After a while, passersby start telling the assailants that it’s enough, and “Sir, please let him go”. Calmed down, the five young men leave the scene and resume their drive to the restaurant. Afterwards, they express remorse. Nevertheless, they also agree that they had been justified in what they did. Azhar, one of the passengers, says, “We shouldn’t have beaten him up the way we did, but you can’t really blame us. These rickshaw pullers think they own the streets. How else will they learn?” Abir, who also took a part in the beating, says, “You have to look at both sides of the coin. Sure, I admit we probably shouldn’t have beaten the guy up the way we did. But Anwar Sir is a good man, he pulled 12-hour workdays to afford this new car; and then this rickshaw puller just bumped into it and tore a big, ugly scar along its side. That would have aggravated anyone into doing what we did.”
When it comes to heavier crimes than scratching up someone’s vehicle, however, the punishment often reaches higher levels; as passersby rather than hindering the beating find an opportunity and justification to relieve themselves of some frustration as well. This was the case when the Dhaka University student Alamgir Haque was mugged outside his apartment in February this year. Yelling, “Thief! Thief!”, Alamgir caught the attention of half a dozen neighbours, who managed to stop the mugger in his flight. Arriving at the scene, Alamgir hears the mugger trying to turn the whole story around, saying that Alamgir was really the one doing the mugging. Infuriated by this statement, Alamgir starts punching the tall, well-built man, and soon his neighbours join in. And not only them, but people all around start pouring in for the brawl. From a construction site nearby, a crew of construction workers arrive, carrying their hammers and sledgehammers. In just a matter of minutes, the mugger is beaten to a pulp. Bones protrude from all parts of his body, his skull is cracked and his life rapidly seeping away. Before the police has been informed about what is happening, the man is dead.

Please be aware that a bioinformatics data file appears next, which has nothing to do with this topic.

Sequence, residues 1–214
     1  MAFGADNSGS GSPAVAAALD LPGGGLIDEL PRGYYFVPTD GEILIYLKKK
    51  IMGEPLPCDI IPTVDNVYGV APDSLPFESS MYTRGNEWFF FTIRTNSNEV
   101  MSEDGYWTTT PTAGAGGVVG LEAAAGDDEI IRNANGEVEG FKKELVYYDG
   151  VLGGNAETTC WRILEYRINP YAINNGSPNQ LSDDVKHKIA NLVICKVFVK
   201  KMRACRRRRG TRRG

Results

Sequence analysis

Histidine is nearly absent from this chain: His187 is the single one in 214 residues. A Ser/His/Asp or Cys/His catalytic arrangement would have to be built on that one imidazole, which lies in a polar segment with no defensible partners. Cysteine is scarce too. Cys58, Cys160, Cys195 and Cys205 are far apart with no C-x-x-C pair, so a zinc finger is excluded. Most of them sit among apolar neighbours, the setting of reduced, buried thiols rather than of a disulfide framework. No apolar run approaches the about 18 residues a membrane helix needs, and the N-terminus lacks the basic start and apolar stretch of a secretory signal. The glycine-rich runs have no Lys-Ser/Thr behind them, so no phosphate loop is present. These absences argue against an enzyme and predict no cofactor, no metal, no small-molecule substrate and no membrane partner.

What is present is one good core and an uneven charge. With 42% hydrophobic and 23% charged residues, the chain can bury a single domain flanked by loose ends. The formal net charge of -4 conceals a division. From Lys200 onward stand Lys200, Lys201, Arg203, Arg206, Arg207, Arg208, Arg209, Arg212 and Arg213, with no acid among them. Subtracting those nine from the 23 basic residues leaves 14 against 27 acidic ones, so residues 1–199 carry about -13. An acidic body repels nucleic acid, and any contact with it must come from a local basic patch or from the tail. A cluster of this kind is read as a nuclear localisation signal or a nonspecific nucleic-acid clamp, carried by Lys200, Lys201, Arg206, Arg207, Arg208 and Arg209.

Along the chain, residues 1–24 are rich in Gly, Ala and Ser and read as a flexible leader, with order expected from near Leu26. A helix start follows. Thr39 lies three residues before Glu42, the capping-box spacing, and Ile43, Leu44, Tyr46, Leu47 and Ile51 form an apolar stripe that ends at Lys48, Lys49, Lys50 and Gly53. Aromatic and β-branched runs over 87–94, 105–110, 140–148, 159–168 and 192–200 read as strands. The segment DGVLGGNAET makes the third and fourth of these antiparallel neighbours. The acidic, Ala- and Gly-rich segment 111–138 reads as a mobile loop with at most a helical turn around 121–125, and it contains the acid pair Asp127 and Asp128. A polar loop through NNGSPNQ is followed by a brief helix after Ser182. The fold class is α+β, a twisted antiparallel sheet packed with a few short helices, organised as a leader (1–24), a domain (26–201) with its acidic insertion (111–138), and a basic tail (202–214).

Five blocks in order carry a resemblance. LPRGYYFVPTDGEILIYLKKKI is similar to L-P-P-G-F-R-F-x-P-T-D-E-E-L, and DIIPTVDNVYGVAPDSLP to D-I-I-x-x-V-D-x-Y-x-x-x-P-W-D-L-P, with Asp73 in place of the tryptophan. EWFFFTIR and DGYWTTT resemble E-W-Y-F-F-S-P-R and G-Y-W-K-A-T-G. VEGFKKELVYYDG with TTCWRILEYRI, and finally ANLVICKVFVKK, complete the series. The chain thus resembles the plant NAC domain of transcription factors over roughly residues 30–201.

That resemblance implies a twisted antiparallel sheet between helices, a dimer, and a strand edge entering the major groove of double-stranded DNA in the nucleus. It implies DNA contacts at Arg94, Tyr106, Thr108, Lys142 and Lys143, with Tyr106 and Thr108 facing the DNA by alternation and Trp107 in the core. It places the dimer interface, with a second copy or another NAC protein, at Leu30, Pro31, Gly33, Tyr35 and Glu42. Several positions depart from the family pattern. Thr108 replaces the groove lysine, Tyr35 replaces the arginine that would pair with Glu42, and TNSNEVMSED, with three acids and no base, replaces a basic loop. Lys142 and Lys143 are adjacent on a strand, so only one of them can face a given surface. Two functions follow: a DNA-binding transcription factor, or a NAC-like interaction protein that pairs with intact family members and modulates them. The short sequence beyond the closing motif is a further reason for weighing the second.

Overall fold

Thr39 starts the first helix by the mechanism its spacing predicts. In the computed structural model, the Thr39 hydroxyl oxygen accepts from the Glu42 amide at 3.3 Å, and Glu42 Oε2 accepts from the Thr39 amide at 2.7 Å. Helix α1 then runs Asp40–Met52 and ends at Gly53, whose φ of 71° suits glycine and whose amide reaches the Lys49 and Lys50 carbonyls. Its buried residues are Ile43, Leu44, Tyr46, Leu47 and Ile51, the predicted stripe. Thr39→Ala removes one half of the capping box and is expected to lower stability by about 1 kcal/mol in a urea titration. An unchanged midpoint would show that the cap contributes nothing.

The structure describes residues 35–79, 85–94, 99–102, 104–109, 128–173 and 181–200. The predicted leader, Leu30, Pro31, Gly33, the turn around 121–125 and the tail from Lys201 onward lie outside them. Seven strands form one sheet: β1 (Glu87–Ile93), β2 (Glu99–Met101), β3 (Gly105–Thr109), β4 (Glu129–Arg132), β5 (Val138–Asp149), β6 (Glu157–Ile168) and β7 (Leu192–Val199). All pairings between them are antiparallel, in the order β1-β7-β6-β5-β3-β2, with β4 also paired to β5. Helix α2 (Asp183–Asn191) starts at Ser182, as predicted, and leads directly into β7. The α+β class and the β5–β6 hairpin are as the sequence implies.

Where is the justice?
The security guard at Alamgir’s house, Faroq, echoes Azhar’s and Abir’s sentiments, “These lowlives almost never get caught, and the cops rarely take action against them. Mob beatings are the only way to stop them.”
Psychology Professor AKM Firoz partially agrees, saying that, “Can you really blame people seeking justice in any way they can? How many of the criminals that are reported actually stay in jail long enough to repent for their sins? They get arrested today and they are out on bail the next. Where’s the justice in that?”
SM Shiblee Noman, officer-in-charge of Ramna police station, denies that the police are not doing enough to curb the crime rates. Instead, he lashes out at the ones taking the law into their own hands, “Regardless of whether the victim is a criminal or not, he can’t be punished or beaten to death without due process of law. We take mob violence very seriously and will prosecute it vigorously.”
Barrister Raghib Chowdhury of the Supreme Court agrees with Noman that mob violence is a very severe offense. “It is completely unacceptable in a civilised society that for instance cars should be smashed in the streets after an incident that is completely unrelated to the owners of the vehicles,” he says. However, he also points out several difficulties with prosecuting mob participants. “If a hundred people have beaten a guy to death, it’s difficult to identify the main perpetrators,” he says. “But the main problem with prosecuting a mob killing is the lack of witnesses. When the victims are notorious criminals, there is tacit public support of the killing. No one will testify against the people involved in it. Because of this strong public opinion, even local political leaders and government officials don’t come out in favour of the victims of mob violence.”